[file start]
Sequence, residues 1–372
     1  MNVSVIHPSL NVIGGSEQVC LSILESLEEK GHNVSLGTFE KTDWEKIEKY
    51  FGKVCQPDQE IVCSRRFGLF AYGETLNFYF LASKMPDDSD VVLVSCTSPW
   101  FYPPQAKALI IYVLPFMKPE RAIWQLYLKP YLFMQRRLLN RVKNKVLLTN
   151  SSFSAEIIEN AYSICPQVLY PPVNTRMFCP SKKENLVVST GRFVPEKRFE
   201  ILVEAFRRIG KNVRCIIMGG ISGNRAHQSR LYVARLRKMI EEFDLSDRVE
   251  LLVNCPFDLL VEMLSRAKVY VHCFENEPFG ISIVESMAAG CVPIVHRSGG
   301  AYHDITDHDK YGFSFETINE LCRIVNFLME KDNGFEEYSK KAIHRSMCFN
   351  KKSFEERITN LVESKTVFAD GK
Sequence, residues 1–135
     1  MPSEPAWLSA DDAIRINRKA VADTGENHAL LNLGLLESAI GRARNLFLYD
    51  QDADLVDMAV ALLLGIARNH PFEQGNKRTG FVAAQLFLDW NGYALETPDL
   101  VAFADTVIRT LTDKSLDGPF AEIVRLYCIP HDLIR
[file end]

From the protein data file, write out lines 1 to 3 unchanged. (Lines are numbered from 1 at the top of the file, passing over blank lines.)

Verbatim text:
Sequence, residues 1–372
     1  MNVSVIHPSL NVIGGSEQVC LSILESLEEK GHNVSLGTFE KTDWEKIEKY
    51  FGKVCQPDQE IVCSRRFGLF AYGETLNFYF LASKMPDDSD VVLVSCTSPW